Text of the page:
Chile fishermen protests cause USD 40 million in losses

Published on
May 10, 2016

Lost sales because of fisherman strikes in Chile could exceed USD 40 million (EUR 35 million) from just the first five days, said SalmonChile General Manager Felipe Manterola in Chile’s El Mercurio.

The protests by artisanal fishermen of Chiloe began May 5 after they were banned from fishing due to a resurgence of a toxic red tide. The protests, which have blocked have caused lost sales of around USD 9 million (EUR 7.9 million) per day, according to the Chilean American Chamber of Commerce (AmCham).

The protests by artisanal fisherman in the island of Chiloe are over government reimbursements. The government has offered compensation of CLP 100,000 (USD 150, EUR 132) to each of the estimated 6,500 fishermen who have been unable to fish due to the red tide, but workers have called that amount insufficient, according to The Guardian.

The worker strikes are just the latest in a series of problems stemming from algal blooms in Chile, A previous red tide in February and March wiped out more than 100,000 tons of farmed salmon. The resulting export issues are having an impact on Chile’s reputation in the global seafood industry long-term, Chile executives worry.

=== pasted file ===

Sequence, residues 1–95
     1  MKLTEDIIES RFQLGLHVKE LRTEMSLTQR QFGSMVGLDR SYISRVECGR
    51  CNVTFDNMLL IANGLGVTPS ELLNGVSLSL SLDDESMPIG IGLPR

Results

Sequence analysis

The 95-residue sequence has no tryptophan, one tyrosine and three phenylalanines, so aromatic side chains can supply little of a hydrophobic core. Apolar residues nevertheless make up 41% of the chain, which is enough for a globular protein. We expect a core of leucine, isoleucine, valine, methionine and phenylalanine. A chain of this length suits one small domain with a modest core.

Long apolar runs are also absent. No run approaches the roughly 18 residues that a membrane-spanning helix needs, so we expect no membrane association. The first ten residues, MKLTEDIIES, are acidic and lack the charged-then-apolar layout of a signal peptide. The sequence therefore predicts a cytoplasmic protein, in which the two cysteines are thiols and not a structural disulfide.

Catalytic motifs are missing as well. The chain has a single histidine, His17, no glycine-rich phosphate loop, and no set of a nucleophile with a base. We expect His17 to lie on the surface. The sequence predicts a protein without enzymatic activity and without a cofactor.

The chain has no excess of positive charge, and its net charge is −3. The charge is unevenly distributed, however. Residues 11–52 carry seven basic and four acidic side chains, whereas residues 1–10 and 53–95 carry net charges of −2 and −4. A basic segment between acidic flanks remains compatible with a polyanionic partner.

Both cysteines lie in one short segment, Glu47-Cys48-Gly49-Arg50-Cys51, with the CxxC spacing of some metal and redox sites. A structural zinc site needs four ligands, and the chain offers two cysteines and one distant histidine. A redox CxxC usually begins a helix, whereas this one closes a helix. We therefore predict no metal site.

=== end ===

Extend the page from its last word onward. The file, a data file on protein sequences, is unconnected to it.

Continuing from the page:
“When you don’t supply the markets continuously, there are repercussions. In this case, it is affecting us because we are not exporting much of the fresh product that was intended for the U.S.,” SalmonChile President Felipe Sandoval told Chile’s Economia y Negocios.

Disrupting the flow of shipments generates “a loss of confidence in domestic products,” Kathleen Barclay, president of AmCham, told El Mercurio.

Last week, nearly 18,000 pieces of salmon were stopped on trucks that were destined for Blumar and Camanchaca companies in the region of Biobio. The two major processors have had five days without work because of this lack of raw material, which affects about 3,000 workers, said Paola Sanhueza, president of the National Union of Processing Plants, according to El Mercurio.

Contributing Editor



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